You know when you go into a mall, coffee shop, restaurant or grocery store and there is music playing? Those businesses have to pay royalties on that music. Sometimes this comes in the form of a pre-created CD that the royalties are paid on or they have their own large selection of music that may or may not be paying royalties. If it is a small store, they might just be playing some Spotify playlist, which is illegal because they aren’t paying the additional royalties on the songs played. Rightsify wants to make it easier for public places to adhere to the law and for artists to get paid for when their music is played in these spots.
The new company helps to solve the problem that artists and businesses face when it comes to music. You pay the company a fee and then you can listen to any one of their channels and royalities on the music will be paid. Obviously it is incredibly difficult for PROs and government agencies to make sure every business is doing the right thing, but this can be a valuable extra bit of income for artists. Business can feel as though they are doing right by creatives, especially when they might be one as well, and avoid potential fines.
We caught up with Rightsify founder Alex Bestall to learn a bit more about the company, the problem they are solving and how artists will get paid through them.
What inspired you to start this company?
Love and passion for music and helping rights holders get paid when their music is played.
What is the main problem you are trying to address?
Ever since royalties were first collected from businesses over a century ago and even all the way until today, the concept of royalties from background music globally has been a total black hole and mystery for most artists and rights holders. Nobody knew who’s music was played where and thus the royalties collected by PRO’s for this kind of usage haven’t been paid to artists based on actual usage and data.
How does Rightsify help fix the problem of unpaid royalties?
Rightsify licenses businesses directly and we track every song that is played. Every time a song is played it's logged in our system and we account to our artists each month. Similar to the consumer facing streaming services like Spotify or Apple Music, except we focus entirely on businesses.
If I have a coffee shop and use some Spotify playlists, am I in violation of copyright laws?
Yes. The consumer version of Spotify is illegal to use in public spaces as businesses need a ‘public performance license’ to play music in their business and the consumer version of Spotify does not include that license and can only be used for personal use.
How often do royalties get paid on music played out in a public place (like a restaurant etc)?
Rightsify pays artists every month and they can see where their music is being played even down to the city level and the type of business. Businesses pay a monthly or annual subscription for the service and our members then get paid each month.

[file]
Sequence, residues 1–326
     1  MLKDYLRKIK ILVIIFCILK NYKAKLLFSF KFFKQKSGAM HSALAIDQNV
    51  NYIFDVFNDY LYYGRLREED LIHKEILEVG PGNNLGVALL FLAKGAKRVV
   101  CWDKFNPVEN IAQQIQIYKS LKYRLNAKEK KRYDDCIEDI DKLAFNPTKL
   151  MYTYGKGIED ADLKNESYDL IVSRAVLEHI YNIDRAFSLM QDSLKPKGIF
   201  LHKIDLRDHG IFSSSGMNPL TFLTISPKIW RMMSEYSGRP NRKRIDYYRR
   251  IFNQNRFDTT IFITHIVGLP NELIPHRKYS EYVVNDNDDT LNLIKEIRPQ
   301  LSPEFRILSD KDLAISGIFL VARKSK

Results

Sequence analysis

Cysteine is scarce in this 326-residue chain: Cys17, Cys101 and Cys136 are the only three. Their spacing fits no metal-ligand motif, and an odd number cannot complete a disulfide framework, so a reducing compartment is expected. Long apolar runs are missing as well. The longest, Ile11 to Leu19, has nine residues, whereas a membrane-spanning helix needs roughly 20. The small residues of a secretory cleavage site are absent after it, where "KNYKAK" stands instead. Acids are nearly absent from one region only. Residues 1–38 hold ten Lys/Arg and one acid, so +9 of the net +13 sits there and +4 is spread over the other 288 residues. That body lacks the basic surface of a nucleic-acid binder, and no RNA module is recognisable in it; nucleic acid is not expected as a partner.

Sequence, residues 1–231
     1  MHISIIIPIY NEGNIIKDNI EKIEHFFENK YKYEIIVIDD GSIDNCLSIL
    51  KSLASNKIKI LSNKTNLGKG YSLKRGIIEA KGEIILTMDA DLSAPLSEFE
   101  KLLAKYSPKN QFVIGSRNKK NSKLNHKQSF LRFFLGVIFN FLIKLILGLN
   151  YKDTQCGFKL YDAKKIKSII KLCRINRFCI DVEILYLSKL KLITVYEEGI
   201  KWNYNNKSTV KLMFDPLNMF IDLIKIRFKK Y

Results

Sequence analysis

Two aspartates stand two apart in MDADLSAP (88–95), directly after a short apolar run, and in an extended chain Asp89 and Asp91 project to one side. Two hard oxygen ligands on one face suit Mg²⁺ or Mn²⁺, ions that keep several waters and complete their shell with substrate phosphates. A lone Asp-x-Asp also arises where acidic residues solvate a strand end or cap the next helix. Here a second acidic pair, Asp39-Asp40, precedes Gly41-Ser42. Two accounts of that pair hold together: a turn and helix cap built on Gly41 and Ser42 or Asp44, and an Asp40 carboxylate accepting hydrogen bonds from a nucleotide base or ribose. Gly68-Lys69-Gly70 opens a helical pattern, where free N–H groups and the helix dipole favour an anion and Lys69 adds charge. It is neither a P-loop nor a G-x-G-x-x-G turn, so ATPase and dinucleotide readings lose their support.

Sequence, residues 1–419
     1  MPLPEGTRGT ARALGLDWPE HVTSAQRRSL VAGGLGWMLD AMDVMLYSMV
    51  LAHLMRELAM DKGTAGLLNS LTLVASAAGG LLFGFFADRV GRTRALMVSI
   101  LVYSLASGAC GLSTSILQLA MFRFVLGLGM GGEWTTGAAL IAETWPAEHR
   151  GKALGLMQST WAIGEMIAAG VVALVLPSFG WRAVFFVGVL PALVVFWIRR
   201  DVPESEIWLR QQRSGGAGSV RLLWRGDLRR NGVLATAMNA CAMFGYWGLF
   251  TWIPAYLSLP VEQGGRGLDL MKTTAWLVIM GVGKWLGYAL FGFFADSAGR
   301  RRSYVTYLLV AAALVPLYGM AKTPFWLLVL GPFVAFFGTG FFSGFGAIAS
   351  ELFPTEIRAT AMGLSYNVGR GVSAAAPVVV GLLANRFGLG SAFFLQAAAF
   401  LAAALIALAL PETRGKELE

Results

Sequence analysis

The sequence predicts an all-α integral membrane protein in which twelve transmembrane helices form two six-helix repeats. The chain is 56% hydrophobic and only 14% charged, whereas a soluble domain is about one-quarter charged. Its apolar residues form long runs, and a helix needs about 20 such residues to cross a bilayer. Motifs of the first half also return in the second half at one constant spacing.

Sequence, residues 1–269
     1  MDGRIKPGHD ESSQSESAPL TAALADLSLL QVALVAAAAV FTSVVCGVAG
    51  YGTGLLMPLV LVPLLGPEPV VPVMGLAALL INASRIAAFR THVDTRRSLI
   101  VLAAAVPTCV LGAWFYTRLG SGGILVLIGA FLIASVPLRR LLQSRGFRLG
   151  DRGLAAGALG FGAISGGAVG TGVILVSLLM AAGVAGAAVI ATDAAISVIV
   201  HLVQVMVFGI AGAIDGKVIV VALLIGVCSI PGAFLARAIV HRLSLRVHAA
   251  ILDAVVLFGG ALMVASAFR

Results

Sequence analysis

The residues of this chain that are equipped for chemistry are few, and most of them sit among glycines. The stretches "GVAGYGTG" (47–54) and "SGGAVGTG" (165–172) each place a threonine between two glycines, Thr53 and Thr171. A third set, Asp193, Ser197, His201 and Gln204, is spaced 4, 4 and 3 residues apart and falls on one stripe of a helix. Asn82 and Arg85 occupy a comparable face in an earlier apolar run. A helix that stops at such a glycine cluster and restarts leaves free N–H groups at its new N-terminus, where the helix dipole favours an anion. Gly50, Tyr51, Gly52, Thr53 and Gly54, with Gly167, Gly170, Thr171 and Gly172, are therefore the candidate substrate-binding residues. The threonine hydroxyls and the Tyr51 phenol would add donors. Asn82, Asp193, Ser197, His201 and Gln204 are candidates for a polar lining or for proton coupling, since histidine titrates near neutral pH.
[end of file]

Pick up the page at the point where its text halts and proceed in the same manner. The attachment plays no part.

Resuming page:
Traditionally, PRO's collect license fees from businesses and pay their members quarterly, however, there is little to no usage data so the royalties aren't paid on a per-play basis and are paid out based on market share which negatively affects smaller rights holders even if their music is getting a lot of play in business settings.
What are the enforcement mechanisms so that places are actually paying the right amount of royalties on the music they play? What are the penalties?
Rightsify provides copyright protection to our members by ensuring that their music is licensed entirely via our platform so there is no unauthorized use of their music in businesses.
Every business needs a license to legally play music except in some cases in the US businesses under 2,000 sqft can play the radio or television for background music. But in most cases it is copyright infringement if a business plays music without a license. Whether it's the PRO's, other background music services or Rightsify, the license fees are largely based on the square footage or number of areas that music is being played. For example, a hotel will generally have several areas playing music (lobby, restaurant, gym, pool, etc).
How does your curation work?
We listen to all the music that is submitted to Rightsify. We don’t use any algorithms or deep learning to curate our playlists. We start out by listening to all submissions and every week we decide on playlists that are relevant and that will work well with each business. We add new playlists every week and existing playlists are uploaded every month.
How do you curate the music on your various stations?
With each playlist we focus on a certain style. mood or type of business on which we then build. We also create custom playlists for brands where we identify a sound that represents a brand then design a playlist that matches their brand.
What is the process for artists to get paid and how long does it take?
We pay artists by the end of every month and in their dashboard they can view full analytics on how much they have earned down to every play, revenue per country, per song and business types.
How much should an artist be making when their music is played in these settings?
Royalties are calculated by how many times a song has been played so the amounts can vary depending on the amount of plays each month, in some cases our per-stream rates have been as high as $1 per play. Overall, the more a song is played the more an artist gets paid.